For the advanced in age, any weakening of the muscular system can be ill-afforded, since muscle loss is likely already occurring as part of the aging process, Root points out. The cognitive problems that are now being associated with statin use may also hit the elderly harder. Root says that there are trials indicating a decline in cognitive function with statin use, as well as several case reports (5). Severe irritability may also become a problem in some individuals, according to Root.

In addition, those that are female, on high statin dosages, on lipid-soluble statins, have insulin resistance, have diabetes or metabolic syndrome, and that are obese may be predisposed to complications, according to Houston. Schmid adds that those with preexisting liver problems may not do well with statins.

The most high-profile drawback of statin use is their propensity to reduce CoQ10 levels, a fundamental piece of the body’s energy production puzzle. “When levels of CoQ10 are depleted, there is less energy available to the muscles. Statin use has been linked to muscle fatigue and pain which may surface as soreness and weakness,” explains Maru. This unfortunate side effect and the reason behind it could be viewed as somewhat ironic. The heart is the most energy-demanding organ in the body, Barry points out, and statins can deplete it of its energy source.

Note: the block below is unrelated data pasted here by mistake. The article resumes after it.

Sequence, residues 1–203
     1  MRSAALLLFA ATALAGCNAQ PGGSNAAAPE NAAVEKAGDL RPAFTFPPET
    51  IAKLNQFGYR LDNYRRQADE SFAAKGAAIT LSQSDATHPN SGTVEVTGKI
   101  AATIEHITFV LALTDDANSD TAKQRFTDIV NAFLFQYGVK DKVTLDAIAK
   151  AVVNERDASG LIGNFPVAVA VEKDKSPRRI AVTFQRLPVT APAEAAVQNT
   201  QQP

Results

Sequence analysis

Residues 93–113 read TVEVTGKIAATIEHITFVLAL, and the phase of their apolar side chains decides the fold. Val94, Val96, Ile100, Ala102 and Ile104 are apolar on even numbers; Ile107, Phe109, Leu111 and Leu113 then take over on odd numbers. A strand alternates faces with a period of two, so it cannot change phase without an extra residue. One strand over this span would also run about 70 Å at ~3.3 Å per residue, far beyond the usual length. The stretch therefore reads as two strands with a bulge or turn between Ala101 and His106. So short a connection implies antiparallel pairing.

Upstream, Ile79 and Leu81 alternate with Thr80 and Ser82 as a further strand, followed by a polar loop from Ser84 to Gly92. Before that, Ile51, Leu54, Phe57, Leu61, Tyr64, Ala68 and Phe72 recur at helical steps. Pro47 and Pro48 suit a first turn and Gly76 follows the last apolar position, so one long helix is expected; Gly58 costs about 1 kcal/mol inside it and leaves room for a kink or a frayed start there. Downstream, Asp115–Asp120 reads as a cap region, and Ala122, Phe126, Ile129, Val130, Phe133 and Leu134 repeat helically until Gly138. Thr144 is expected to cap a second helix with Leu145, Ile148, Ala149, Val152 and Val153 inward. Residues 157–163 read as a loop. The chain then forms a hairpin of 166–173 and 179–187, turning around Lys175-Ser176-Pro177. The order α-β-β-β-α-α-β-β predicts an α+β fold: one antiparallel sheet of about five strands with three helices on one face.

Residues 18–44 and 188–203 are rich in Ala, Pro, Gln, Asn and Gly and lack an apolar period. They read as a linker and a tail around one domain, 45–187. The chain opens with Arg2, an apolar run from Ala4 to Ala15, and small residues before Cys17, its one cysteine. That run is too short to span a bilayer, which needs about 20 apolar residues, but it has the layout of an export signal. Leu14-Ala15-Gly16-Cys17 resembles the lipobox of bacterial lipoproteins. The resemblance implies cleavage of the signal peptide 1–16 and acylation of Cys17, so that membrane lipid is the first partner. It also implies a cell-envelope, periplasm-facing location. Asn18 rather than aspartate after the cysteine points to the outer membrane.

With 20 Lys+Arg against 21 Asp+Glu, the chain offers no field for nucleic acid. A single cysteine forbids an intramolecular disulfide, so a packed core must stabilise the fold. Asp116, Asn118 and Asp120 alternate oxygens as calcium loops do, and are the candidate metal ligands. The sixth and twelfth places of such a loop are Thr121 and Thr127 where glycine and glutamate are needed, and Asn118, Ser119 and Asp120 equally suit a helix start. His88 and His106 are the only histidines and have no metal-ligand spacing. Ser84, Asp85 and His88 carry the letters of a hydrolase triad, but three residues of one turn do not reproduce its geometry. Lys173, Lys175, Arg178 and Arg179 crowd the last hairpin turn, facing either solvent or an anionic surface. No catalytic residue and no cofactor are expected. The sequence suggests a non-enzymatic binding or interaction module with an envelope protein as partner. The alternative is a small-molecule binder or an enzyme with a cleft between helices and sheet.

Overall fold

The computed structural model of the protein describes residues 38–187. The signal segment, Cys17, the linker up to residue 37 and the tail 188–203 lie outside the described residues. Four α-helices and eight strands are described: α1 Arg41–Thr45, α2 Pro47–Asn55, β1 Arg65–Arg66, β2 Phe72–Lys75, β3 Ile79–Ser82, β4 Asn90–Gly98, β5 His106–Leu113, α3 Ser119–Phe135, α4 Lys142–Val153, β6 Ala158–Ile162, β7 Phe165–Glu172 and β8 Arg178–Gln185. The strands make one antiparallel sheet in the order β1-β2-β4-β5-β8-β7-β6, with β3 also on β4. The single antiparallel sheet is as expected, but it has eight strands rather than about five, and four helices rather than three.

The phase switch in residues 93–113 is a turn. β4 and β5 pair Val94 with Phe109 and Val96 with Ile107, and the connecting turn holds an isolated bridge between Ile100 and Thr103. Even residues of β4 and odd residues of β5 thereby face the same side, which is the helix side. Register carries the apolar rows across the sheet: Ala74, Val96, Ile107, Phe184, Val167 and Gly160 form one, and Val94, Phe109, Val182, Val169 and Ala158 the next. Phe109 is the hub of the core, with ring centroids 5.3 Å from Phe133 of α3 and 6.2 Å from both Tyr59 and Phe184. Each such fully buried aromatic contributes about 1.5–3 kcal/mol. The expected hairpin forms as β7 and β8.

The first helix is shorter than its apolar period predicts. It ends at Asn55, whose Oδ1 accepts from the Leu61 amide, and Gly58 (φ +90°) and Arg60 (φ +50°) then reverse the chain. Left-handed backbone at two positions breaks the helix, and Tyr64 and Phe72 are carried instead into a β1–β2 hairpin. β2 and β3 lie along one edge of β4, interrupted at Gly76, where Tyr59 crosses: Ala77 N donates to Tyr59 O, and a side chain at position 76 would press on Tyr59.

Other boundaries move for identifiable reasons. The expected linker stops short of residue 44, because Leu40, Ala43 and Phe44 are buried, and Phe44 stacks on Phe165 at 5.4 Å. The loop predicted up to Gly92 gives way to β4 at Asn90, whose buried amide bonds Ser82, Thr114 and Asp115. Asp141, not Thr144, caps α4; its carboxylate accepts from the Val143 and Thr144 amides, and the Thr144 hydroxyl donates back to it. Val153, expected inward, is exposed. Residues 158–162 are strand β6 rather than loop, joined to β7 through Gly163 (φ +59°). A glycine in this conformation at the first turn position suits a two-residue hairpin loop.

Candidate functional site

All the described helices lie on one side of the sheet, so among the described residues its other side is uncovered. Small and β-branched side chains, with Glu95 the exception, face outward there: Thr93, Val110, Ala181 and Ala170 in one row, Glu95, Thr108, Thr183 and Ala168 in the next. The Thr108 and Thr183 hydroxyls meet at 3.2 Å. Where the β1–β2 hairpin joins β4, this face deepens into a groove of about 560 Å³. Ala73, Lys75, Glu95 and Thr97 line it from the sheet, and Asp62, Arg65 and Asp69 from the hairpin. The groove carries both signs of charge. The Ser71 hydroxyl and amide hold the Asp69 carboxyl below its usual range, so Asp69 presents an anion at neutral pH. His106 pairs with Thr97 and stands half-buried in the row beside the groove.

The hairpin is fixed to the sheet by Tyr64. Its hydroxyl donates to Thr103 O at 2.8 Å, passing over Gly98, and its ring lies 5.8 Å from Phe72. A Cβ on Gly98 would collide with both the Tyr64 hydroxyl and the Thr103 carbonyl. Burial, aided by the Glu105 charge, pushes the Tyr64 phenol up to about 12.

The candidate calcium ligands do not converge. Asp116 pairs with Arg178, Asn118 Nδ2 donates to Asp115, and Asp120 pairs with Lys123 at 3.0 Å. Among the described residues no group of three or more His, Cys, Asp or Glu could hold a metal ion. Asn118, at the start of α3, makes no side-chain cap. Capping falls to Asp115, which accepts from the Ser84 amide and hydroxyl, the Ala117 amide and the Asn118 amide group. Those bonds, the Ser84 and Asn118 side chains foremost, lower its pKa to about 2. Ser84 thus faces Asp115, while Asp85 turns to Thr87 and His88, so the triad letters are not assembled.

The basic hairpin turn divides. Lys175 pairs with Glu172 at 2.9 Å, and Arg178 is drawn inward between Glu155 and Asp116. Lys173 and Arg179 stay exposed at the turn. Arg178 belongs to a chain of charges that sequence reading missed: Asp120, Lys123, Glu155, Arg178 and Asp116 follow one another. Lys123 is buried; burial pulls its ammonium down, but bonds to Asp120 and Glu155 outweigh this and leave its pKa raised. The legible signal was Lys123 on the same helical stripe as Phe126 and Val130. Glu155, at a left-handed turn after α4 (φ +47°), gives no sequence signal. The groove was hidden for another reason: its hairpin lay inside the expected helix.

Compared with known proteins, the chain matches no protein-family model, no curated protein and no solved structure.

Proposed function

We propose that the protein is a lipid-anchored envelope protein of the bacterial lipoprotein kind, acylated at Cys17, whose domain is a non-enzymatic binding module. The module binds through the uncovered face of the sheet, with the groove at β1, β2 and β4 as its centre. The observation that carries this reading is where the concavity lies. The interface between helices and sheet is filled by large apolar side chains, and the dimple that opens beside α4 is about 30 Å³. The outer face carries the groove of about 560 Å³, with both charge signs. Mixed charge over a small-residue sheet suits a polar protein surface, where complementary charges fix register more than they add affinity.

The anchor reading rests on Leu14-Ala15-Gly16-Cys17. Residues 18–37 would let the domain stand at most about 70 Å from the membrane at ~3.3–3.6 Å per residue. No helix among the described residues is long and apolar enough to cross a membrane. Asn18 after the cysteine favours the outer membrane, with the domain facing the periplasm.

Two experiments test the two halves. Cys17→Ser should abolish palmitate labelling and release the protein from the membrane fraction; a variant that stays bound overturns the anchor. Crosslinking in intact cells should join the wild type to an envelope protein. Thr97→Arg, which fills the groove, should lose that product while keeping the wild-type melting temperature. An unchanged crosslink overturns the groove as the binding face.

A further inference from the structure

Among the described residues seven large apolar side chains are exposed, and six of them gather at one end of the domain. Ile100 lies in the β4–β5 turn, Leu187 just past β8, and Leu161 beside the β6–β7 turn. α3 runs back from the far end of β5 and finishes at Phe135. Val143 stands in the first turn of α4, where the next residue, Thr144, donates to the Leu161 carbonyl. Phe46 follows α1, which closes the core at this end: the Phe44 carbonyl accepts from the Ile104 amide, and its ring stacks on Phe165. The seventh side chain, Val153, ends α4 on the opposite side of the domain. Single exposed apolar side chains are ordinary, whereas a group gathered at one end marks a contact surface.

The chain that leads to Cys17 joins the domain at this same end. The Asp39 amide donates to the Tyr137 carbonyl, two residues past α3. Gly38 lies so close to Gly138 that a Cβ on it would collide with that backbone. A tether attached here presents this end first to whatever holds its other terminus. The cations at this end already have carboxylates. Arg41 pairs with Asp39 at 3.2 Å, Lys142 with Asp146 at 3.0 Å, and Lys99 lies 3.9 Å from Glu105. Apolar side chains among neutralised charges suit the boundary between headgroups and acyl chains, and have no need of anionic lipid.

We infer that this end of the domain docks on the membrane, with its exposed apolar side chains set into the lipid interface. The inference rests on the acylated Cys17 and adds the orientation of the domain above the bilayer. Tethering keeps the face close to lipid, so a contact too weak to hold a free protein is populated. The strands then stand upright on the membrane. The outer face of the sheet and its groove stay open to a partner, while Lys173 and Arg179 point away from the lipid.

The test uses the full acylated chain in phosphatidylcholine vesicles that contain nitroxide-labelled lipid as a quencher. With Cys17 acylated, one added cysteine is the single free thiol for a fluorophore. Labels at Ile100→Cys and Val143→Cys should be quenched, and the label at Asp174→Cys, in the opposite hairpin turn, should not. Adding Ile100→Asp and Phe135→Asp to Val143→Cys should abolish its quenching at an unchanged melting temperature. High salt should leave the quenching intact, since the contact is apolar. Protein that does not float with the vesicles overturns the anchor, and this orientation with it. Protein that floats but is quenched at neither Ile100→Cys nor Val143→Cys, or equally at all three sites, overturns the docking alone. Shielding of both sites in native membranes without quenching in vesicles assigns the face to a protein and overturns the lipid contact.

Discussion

“This could be related to the fact that statins lower plasma LDL levels, and CoQ10 is mainly transported by LDL, but a decrease is also found in platelets and in lymphocytes of statin-treated patients, pointing to true inhibition of CoQ10 synthesis,” says Root. Trisha Sugarek MacDonald, B.S., M.S., director of R&D and national educator for Bluebonnet Nutrition Corporation, Sugar Land, TX, confirms that HMG-CoA reductase also underlies the synthesis of CoQ10, as well as dehydrocholesterol, a prohormone for vitamin D3. “Therefore, it would be proper to have these nutrients measured in the blood when evaluating cholesterol levels,” she says, adding that statin users could be considered candidates for supplementation in these and other areas.